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Who Chooses the Caf Food?

For students who have dietary restrictions — whether you have allergies, you’re vegan, diebetic or just picky — eating at PLNU’s dining hall may seem like a maze of cans and cannots. 

A limited selection is one concern that many students have. Sophomore biology major Kaia Harry cannot eat many foods for health reasons. She says while the cafeteria does a good job of having a protein, a grain and a vegetable, the meals become repetitive as that same combination keeps circulating. 

“All I can eat is simple servings and the salad bar, so when that’s the only place you can eat at, it can feel very limiting, whereas people without tolerances tend to have a second or third option for their meal,” Harry said.  

Simple servings is a food station free of the top eight allergens. According to Tim Fessler, general manager for Sodexo at PLNU, the top eight allergens comprise basically 90% of all food allergies. “We have a special station back here in the kitchen that’s only allowed to have simple serving ingredients, different cutting boards, utensils, serving pans. We even have two ovens designated for allergy-free production, a different cook and we serve out in front from a defined station.” 

For sophomore international development major Deborah Jimenez, vegetarian options varies on the day. 

“I feel like the caf does provide back-up plans,” Jimenez said. “So if they don’t have any good options for me, I can always get a salad or go to the vegan bar or eat a quesadilla, but I find myself having to use that back up plan often.”

With serving food to thousands of students each week, it can be difficult to foresee how every need can be met. But what is the actual process of creating the menu? Fessler said the menus are dependent on the size and region of the school.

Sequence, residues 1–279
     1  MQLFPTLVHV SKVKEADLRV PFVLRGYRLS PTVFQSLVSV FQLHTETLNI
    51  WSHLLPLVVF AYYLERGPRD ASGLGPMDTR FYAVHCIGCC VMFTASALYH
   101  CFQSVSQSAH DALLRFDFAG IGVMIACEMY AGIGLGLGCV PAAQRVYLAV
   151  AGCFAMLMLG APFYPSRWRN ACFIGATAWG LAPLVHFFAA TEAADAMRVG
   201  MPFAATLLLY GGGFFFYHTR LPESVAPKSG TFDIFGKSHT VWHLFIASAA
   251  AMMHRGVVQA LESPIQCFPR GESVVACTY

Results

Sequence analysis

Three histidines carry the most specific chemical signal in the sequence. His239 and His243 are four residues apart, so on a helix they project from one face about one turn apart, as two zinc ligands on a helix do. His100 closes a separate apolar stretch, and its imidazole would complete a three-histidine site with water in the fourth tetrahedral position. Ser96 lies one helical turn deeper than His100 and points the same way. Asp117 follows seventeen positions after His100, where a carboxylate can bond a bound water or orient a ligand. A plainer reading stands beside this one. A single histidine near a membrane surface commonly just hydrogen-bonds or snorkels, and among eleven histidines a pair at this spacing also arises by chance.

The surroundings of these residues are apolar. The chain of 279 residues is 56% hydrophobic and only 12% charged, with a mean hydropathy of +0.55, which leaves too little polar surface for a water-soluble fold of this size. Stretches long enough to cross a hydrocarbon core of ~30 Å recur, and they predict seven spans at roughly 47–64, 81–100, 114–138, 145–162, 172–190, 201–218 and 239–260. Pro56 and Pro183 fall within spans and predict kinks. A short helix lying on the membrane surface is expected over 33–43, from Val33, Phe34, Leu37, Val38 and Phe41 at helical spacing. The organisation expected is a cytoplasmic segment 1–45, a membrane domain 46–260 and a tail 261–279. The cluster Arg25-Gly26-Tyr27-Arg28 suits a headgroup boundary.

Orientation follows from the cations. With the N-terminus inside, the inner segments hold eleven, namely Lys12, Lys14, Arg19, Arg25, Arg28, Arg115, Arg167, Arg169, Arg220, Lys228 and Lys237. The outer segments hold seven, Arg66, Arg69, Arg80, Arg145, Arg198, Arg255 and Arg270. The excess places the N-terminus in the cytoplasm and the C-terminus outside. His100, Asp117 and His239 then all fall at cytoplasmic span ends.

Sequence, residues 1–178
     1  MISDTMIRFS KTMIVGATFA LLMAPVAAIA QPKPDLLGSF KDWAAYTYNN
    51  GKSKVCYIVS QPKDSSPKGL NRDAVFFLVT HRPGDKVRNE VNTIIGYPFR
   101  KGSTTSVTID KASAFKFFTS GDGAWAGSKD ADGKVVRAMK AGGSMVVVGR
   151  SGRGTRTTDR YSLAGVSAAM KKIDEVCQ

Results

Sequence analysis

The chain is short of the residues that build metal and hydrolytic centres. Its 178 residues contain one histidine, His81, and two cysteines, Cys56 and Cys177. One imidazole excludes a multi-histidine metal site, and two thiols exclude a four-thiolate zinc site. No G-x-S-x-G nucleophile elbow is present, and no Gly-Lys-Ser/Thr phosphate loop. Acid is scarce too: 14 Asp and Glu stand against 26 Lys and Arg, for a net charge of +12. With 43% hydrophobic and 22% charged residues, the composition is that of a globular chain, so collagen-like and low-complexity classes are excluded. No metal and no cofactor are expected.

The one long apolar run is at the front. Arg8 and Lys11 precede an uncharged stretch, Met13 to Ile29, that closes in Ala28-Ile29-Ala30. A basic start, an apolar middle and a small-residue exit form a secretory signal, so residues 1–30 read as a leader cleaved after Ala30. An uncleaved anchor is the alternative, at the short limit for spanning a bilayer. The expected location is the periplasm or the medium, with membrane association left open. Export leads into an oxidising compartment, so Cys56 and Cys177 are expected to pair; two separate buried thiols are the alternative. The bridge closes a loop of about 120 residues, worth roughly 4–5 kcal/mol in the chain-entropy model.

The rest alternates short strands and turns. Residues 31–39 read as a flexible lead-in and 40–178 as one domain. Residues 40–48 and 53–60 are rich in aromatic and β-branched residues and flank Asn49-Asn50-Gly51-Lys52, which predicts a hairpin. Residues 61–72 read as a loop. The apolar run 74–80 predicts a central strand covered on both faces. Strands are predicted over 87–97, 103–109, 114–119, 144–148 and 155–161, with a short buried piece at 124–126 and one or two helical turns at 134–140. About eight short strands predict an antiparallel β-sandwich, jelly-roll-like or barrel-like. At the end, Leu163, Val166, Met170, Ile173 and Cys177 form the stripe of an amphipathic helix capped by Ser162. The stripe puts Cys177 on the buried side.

“As far as the university size and makeup, ours versus a very large university would have a different menu set up,” Fessler said.

According to Guadalupe Martinez, unit clerk for Sodexo at PLNU, the menus are put together by Sodexo from a very large database of tested recipes and sent to the school two to three weeks in advance. There is a university segment within the company, Martinez said, which creates different menus for different types of schools. 

“When [Sodexo] make[s] the menu we get, they send it to us just a couple weeks in advance and from there you have to finesse,” Martinez said. Finessing, she said, is looking at a menu with recipes that either don’t work or need to be created and then fitting it with the clients needs and wants. “For example, if your menu is given to you with no vegan options — the vegan bar [at PLNU] isn’t given to us — we create that, and that’s part of finessing,” she said.

As for how the needs of the students are heard, Martinez said, “Sometimes it’s comment cards or emails, and sometimes it’s the research and development the company already has done — as in, these are the trends we think are coming in.” 

Something especially helpful for Harry was the comment cards, located by the scanning machine in the front of the dining hall. “They respond quickly and to you personally, and it’s nice to see that when you make a comment, they make a change,” she said. 

Harry also says that meeting with the nutrition coach was helpful in maintaining a diet plan within the bounds of what the cafeteria has to offer.

According to Fessler, from 12 p.m.–2 p.m. on Tuesdays and Wednesdays, dietician Carrie Gunn will be in the dining hall to answer any questions students have. 

“She sits out on one of those high bar tables, she has a big sign in front of her, and it says nutrition coach,” Fessler said, “So if anybody has questions about what they can, cannot, or should, should not eat when it comes to nutrition or allergens or anything else. We’d want everybody to make comments to her, and then she’ll review all of those requests everyday with me.” Martinez said before this year, Gunn had only been available by appointment downstairs in the Wellness Center.

Harry recommends that others who are having a hard time utilizing the resources available to them and not be afraid to ask. “They’re willing to help you, you just need to communicate,” she said.